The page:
Sarasate – Navarra, Op. 33

His only work for violin duo and orchestra, Sarasate’s Navarra is renowned as one of the most virtuosic duets ever written for the instrument, where neither player is lesser than the other – the two soloists’ melodic lines gracefully imitate and intertwine with each other, before exploding into a fiendishly difficult coda, which has taken even the most skilled virtuosi years to master.

Pablo de Sarasate named the piece after his birthplace – Pamplona, in Navarra, now an autonomous region of Northern Spain. He was taught violin by his father from the prodigious age of five, and performed in public for the first time aged eight. Just four years later he was sent to the Paris Conservatory, and went on to frequently tour Paris, London, for royalty in Madrid as well as reaching the Americas.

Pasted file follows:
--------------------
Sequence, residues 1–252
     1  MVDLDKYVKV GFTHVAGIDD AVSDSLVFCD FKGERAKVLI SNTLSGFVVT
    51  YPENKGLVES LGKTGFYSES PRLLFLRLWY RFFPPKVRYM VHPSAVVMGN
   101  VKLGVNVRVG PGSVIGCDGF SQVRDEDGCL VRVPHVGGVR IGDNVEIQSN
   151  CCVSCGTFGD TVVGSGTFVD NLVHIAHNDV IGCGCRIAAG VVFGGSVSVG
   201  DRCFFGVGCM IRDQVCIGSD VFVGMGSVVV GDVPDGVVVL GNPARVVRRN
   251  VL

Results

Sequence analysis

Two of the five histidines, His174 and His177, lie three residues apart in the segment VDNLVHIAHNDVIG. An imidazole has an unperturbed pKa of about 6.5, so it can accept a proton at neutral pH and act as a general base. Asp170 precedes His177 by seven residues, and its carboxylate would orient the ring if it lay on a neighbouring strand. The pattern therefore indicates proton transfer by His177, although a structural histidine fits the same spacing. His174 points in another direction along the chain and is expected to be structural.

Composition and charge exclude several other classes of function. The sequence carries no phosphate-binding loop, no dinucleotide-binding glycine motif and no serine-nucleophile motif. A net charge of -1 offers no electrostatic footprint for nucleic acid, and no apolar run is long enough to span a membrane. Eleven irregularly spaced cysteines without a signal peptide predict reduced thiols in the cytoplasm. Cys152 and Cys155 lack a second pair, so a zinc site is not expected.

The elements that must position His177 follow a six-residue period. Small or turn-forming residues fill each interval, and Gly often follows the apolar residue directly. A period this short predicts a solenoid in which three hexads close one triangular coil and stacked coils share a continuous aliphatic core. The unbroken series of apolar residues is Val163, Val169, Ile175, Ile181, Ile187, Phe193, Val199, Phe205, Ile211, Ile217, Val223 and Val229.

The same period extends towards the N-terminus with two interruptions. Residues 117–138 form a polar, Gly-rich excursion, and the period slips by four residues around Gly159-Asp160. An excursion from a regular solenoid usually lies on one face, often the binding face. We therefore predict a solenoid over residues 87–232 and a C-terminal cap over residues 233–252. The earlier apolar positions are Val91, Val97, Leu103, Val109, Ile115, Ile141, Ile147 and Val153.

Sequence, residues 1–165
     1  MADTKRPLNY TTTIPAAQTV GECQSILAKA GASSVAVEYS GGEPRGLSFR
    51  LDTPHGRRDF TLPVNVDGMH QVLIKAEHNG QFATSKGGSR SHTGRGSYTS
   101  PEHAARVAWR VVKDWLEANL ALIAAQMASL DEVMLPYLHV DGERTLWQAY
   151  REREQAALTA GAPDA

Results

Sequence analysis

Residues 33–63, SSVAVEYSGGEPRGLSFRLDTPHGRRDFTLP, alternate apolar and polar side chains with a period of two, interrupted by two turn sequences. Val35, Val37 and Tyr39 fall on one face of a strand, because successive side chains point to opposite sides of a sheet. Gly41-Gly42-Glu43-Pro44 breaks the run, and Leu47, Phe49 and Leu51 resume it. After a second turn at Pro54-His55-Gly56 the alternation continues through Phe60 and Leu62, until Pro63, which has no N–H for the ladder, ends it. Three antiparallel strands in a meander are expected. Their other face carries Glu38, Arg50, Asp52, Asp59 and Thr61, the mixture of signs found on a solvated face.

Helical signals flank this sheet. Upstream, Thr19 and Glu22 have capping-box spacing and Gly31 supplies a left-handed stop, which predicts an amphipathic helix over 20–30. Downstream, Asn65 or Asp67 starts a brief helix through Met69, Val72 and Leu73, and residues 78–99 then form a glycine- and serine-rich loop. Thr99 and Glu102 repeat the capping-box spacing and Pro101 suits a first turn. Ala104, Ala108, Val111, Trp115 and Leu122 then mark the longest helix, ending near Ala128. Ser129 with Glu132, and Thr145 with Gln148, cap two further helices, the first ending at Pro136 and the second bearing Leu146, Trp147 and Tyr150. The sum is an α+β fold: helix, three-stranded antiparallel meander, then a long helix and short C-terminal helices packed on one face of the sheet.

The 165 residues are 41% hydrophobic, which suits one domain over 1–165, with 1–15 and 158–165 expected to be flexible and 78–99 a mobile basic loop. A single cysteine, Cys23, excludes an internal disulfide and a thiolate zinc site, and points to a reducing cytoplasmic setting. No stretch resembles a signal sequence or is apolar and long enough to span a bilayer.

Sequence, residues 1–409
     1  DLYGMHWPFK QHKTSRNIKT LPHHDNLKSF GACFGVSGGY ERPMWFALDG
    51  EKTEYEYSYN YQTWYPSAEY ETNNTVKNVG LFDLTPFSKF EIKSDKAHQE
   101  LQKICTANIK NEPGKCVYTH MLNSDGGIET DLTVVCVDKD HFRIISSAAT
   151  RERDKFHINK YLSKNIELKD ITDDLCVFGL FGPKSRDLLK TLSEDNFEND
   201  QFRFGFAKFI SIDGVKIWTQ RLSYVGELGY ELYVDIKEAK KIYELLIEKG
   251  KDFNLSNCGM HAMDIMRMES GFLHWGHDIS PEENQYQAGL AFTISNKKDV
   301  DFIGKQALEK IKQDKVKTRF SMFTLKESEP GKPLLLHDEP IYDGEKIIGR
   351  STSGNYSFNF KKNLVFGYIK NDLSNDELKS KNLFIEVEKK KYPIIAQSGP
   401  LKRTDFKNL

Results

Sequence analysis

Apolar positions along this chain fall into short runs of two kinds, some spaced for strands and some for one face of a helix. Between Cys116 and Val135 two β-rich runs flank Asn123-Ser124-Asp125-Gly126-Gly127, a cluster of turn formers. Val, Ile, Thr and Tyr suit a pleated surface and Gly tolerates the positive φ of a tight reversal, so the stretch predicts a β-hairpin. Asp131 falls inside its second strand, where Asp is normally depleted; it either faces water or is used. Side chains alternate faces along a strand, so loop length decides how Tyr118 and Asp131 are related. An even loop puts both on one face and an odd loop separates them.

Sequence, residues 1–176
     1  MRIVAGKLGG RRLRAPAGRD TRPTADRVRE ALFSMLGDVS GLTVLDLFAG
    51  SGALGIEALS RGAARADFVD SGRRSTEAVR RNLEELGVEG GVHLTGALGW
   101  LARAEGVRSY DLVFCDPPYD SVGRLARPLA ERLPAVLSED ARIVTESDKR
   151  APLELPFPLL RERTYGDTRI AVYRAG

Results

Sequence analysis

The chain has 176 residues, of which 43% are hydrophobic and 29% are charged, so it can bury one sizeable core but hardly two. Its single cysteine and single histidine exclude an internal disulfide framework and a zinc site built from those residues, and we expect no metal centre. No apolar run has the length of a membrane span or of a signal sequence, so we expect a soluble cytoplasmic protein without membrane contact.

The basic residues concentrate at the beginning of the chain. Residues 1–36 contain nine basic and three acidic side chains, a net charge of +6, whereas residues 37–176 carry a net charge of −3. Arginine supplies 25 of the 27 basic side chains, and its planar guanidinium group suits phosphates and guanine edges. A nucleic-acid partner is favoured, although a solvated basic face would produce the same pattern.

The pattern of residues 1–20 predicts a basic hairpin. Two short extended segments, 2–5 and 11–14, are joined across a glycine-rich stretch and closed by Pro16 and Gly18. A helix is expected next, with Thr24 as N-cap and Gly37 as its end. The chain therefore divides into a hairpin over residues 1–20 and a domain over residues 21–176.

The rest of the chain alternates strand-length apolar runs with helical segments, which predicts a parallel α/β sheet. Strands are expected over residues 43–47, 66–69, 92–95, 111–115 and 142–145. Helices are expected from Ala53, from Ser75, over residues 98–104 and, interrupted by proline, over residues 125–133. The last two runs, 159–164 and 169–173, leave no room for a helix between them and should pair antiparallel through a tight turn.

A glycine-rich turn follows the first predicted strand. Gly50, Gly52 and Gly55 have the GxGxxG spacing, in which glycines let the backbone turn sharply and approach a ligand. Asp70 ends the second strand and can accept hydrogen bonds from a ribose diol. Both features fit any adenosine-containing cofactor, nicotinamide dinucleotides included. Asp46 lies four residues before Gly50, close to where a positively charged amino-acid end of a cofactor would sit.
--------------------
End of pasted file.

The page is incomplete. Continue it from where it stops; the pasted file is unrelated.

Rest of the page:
He composed his grand duet ‘Navarra’ in 1889, well into his career, as a tribute to his background. The bulk of the piece is a type of minuet dance; more specifically a jota, which is a Northern Spanish variant of the Waltz from around the 18th century. This same dance also inspired the Entr’acte to act four of Bizet’s Carmen, but more similarly it features in Saint-Saens’ Introduction and Rondo Capriccioso for solo violin and orchestra.

If you enjoyed this piece, Sarasate has many equally virtuosic works for violin and orchestra, such as his Ziguenerweisen, his Introduction and Tarantelle, or the furiously energetic Zapateado for violin and piano. Paganini also wrote exceptionally well-written… and very difficult… music for the violin, most famously in his 24 Caprices for solo violin, but he also wrote a number of popular concertos for violin and orchestra. So much music has been written in this style – and for more works like this, you can always check out Twoset Violin 🙂

The links above all go to a mixture of Youtube channels.

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